- Mitt Romney urges President Trump to apologize for his response to Charlottesville.
- Trump's comments have drawn rebukes from bipartisan lawmakers and corporate America.
- Both Presidents Bush and former Republican presidential nominee Sen. John McCain also either directly or indirectly criticized Trump's response.
Regardless of whether he intended it, Trump's words "caused racists to rejoice, minorities to weep, and the vast heart of America to mourn," the former Republican presidential nominee and Massachusetts governor wrote in a Facebook post. Romney called on the president to apologize for his remarks.
"He should address the American people, acknowledge that he was wrong, apologize," Romney wrote. "State forcefully and unequivocally that racists are 100% to blame for the murder and violence in Charlottesville. Testify that there is no conceivable comparison or moral equivalency between the Nazis — who brutally murdered millions of Jews and who hundreds of thousands of Americans gave their lives to defeat — and the counter-protestors who were outraged to see fools parading the Nazi flag, Nazi armband and Nazi salute."
Romney's statement was among the most forceful issued by prominent Republicans following Trump's response to the rally. Romney vocally opposed Trump when he was a candidate but got considered for secretary of state.
Other former Republican presidents and presidential nominees either directly or indirectly criticized Trump for his response.
"There's no moral equivalency between racists & Americans standing up to defy hate & bigotry. The President of the United States should say so," Sen. John McCain, R-Ariz., wrote in a tweet Tuesday.
Presidents George H.W. Bush and George W. Bush — both of whom have said they did not vote for Trump — also issued a rare joint statement Wednesday condemning racism. They did not mention the president by name.
"America must always reject racial bigotry, anti-Semitism, and hatred in all forms," the Bushes said. Referring to Thomas Jefferson, they added: "As we pray for Charlottesville, we are reminded of the fundamental truths recorded by that city's most prominent citizen in the Declaration of Independence: we are all created equal and endowed by our Creator with unalienable rights. We know these truths to be everlasting because we have seen the decency and greatness of our country."
On Saturday, a car allegedly driven by a suspected white nationalist rammed into a crowd of counterprotesters in Charlottesville, killing one woman and injuring many others. It followed skirmishes between the torch-bearing white supremacists and people demonstrating against them.
In a fiery Tuesday news conference, Trump appeared to suggest a moral equivalency between the groups, saying good and violent people gathered in both groups and "both sides" are to blame for the violence. He also contended that some of the people who marched with the white nationalists were not bad.
His comments drew rebukes from bipartisan lawmakers and sparked backlash from corporate America, as top executives started to leave advisory councils to the president before the groups were disbanded.
Here's Romney's full statement:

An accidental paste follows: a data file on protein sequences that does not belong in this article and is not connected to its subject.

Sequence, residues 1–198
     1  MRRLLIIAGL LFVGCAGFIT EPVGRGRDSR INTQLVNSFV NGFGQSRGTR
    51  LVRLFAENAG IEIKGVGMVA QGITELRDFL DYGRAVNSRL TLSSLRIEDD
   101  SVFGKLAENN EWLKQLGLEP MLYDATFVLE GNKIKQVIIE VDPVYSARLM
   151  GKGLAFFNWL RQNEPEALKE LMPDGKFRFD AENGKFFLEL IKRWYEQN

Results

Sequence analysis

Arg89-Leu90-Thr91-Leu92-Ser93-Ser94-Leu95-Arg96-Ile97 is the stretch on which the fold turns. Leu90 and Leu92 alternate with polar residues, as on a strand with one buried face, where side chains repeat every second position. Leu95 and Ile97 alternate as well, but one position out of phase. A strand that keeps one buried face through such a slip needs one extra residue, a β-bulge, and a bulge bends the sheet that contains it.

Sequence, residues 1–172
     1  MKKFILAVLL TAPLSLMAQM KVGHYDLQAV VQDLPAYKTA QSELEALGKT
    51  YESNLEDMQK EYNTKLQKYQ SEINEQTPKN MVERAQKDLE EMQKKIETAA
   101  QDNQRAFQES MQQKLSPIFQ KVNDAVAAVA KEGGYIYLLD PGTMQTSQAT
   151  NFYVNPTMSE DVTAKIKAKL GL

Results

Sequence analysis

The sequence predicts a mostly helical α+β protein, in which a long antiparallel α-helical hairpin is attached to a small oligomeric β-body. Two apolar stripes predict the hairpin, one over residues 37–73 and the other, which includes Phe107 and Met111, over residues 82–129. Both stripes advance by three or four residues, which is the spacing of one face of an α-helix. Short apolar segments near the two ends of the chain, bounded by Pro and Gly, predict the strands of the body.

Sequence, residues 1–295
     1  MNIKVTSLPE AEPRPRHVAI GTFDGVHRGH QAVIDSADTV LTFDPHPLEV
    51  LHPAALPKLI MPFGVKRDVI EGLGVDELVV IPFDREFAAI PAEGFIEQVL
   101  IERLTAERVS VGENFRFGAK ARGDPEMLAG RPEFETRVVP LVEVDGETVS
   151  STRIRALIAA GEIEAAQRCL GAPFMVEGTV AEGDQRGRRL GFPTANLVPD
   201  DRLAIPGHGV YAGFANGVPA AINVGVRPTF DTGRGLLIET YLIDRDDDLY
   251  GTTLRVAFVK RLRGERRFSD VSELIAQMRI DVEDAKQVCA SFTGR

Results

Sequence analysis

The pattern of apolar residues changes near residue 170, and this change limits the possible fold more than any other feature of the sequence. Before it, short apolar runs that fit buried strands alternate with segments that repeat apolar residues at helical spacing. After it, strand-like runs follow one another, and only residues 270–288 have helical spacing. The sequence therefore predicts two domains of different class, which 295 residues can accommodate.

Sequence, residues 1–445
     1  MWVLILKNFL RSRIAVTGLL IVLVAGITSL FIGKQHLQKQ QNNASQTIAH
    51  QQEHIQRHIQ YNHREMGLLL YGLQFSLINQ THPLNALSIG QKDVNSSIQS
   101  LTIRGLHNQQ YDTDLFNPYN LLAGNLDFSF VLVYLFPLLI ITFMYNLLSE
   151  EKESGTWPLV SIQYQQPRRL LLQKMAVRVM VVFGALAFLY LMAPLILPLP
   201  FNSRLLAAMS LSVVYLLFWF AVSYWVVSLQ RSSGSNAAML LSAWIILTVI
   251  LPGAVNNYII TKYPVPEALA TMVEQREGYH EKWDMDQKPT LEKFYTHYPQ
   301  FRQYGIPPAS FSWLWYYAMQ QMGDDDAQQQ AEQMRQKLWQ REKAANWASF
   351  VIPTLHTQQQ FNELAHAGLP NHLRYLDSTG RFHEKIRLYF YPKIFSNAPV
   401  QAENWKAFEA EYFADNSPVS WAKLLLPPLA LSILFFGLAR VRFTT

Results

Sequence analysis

"I will dispense for now from discussion of the moral character of the president's Charlottesville statements. Whether he intended to or not, what he communicated caused racists to rejoice, minorities to weep, and the vast heart of America to mourn. His apologists strain to explain that he didn't mean what we heard. But what we heard is now the reality, and unless it is addressed by the president as such, with unprecedented candor and strength, there may commence an unraveling of our national fabric.
"The leaders of our branches of military service have spoken immediately and forcefully, repudiating the implications of the president's words. Why? In part because the morale and commitment of our forces — made up and sustained by men and women of all races — could be in the balance. Our allies around the world are stunned and our enemies celebrate; America's ability to help secure a peaceful and prosperous world is diminished. And who would want to come to the aid of a country they perceive as racist if ever the need were to arise, as it did after 9/11?
"In homes across the nation, children are asking their parents what this means. Jews, blacks, Hispanics, Muslims are as much a part of America as whites and Protestants. But today they wonder. Where might this lead? To bitterness and tears, or perhaps to anger and violence?
"The potential consequences are severe in the extreme. Accordingly, the president must take remedial action in the extreme. He should address the American people, acknowledge that he was wrong, apologize. State forcefully and unequivocally that racists are 100% to blame for the murder and violence in Charlottesville. Testify that there is no conceivable comparison or moral equivalency between the Nazis — who brutally murdered millions of Jews and who hundreds of thousands of Americans gave their lives to defeat — and the counter-protestors who were outraged to see fools parading the Nazi flag, Nazi armband and Nazi salute. And once and for all, he must definitively repudiate the support of David Duke and his ilk and call for every American to banish racists and haters from any and every association.
"This is a defining moment for President Trump. But much more than that, it is a moment that will define America in the hearts of our children. They are watching, our soldiers are watching, the world is watching. Mr. President, act now for the good of the country."